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Fettucine al Limone


Fettucine al Limone

I found reference to Fettucine al Limone in a book called “The Wedding Officer” by Anthony Capella. Like most books I read, I can now recall almost nothing about the plot or its principal characters. I think that the eponymous hero of the book was an American officer in Italy after the liberation of Italy (if that’s what it was) by the Allies in 1944. His job, as I recall, was to ensure that proposed marriages between American soldiers and local women were genuine marriages. I recall the book as being a good and well-written read and I would recommend it. You might go now and read it. By the time you have finished it you will come back to this recipe which will appear all the more attractive for your literary excursion. Not, of course, that this dish tastes better (or worse) as a result of having been cooked by one who has read the book!! But you may feel fulfilled.

At some point, and for some no doubt excellent reason, our eponymous hero acquires a cook. I think that the word “acquire” is well chosen. He may well have interviewed this woman but my recollection is that the choice of employment was not his. I also recall, though I think the book may not spell this out, that she is one of those beautiful dark-haired, full-breasted and pouting Italian senoritas that set the Anglo-Saxon pulse a-pounding.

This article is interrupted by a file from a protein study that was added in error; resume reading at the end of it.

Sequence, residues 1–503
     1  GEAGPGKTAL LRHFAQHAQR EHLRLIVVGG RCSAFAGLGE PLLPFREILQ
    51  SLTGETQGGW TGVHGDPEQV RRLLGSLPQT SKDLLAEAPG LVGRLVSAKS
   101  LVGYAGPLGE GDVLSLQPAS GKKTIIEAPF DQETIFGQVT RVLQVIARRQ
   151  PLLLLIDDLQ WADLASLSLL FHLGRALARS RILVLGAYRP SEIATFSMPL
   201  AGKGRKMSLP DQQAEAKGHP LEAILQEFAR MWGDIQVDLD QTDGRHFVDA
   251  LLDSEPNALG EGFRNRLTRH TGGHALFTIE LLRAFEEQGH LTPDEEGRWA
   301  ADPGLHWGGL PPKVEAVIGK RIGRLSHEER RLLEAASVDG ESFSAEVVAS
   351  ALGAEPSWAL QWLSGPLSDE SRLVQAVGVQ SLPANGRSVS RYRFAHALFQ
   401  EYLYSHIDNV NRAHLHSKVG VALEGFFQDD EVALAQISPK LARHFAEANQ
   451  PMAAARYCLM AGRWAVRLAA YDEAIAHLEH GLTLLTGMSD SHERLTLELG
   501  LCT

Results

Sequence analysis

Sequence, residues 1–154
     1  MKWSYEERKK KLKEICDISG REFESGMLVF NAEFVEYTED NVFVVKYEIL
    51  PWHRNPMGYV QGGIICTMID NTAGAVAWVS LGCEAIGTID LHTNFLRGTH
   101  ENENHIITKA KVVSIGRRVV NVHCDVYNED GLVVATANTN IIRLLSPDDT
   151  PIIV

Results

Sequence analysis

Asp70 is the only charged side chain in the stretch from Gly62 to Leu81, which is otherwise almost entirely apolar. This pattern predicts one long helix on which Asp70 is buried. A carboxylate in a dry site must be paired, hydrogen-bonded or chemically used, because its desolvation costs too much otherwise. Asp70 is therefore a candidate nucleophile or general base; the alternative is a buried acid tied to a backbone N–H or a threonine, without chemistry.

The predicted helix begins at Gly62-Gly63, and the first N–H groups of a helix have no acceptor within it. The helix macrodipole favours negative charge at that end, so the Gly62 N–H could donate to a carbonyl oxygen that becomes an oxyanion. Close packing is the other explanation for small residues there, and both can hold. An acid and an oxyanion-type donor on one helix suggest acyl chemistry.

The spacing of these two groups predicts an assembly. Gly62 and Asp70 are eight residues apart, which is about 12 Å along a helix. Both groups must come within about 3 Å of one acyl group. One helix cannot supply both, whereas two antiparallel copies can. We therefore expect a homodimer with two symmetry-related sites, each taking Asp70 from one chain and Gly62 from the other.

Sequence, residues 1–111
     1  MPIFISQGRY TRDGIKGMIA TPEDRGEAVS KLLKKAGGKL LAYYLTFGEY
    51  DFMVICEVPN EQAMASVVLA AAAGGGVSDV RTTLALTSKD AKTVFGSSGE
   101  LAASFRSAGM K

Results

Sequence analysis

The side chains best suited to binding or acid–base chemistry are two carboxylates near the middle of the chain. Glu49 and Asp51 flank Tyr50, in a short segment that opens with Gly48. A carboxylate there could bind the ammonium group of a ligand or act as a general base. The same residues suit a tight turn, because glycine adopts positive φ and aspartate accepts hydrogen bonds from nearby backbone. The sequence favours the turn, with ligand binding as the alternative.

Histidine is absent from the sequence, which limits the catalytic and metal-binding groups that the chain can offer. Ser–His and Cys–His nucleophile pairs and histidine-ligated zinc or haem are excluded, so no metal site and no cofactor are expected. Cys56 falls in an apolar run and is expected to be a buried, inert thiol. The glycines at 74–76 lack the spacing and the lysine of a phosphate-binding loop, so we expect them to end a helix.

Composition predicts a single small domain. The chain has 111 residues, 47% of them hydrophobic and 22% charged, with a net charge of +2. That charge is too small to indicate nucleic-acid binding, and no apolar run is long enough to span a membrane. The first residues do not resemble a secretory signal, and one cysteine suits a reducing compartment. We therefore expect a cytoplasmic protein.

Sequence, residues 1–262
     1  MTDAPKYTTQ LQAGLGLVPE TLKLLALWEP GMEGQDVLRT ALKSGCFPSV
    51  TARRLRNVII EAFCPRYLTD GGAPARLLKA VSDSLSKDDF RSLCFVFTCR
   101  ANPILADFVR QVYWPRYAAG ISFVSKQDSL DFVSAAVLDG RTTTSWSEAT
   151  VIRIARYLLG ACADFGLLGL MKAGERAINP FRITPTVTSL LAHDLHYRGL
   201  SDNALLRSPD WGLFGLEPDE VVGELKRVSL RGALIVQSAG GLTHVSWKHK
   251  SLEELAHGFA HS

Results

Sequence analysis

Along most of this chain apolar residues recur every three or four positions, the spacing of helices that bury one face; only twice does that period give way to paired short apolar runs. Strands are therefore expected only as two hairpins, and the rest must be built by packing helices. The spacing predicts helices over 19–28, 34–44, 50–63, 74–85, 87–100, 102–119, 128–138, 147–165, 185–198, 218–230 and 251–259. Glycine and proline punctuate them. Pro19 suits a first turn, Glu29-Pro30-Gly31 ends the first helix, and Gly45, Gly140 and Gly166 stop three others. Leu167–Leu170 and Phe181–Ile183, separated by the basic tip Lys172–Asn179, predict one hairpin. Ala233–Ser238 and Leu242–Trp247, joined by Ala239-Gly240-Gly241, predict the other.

Be all that as it may, this voluptuous (I am sure she was voluptuous) young woman was a serious cook. I recall long passages describing the caramelising of onions, I could almost taste the tomatoes, smell the garlic … anyway you get the picture. And one of the recipes was Fetuccine al Limone.

What got me was the idea of the lemon. I like lemon at the best of times but lemon in pasta seemed like a sure-fire winner. But in vain did I search for the recipe in the book itself. I eventually found a recipe somewhere on the Internet and I subsequently modified it. It’s almost impossible to muck this one up unless you don’t taste it to make sure you’re heading in the right direction.

The first thing is to procure some decent pasta. Best thing is to make it; it’s dead easy, impresses people and rolling it out can occupy small children). If you can’t or won’t make it then at least buy some good stuff. It’s an interesting thing about pasta that you buy in a shop that you can rarely find how long you are supposed to cook it for. Eventually you find “cotturi 5 min” written in a 3 point Arial font on the upper left back of the packet. I have come to the conclusion that this is because it does not much matter how long you cook it for so long as you test it after (say) 5 minutes and see how it’s going.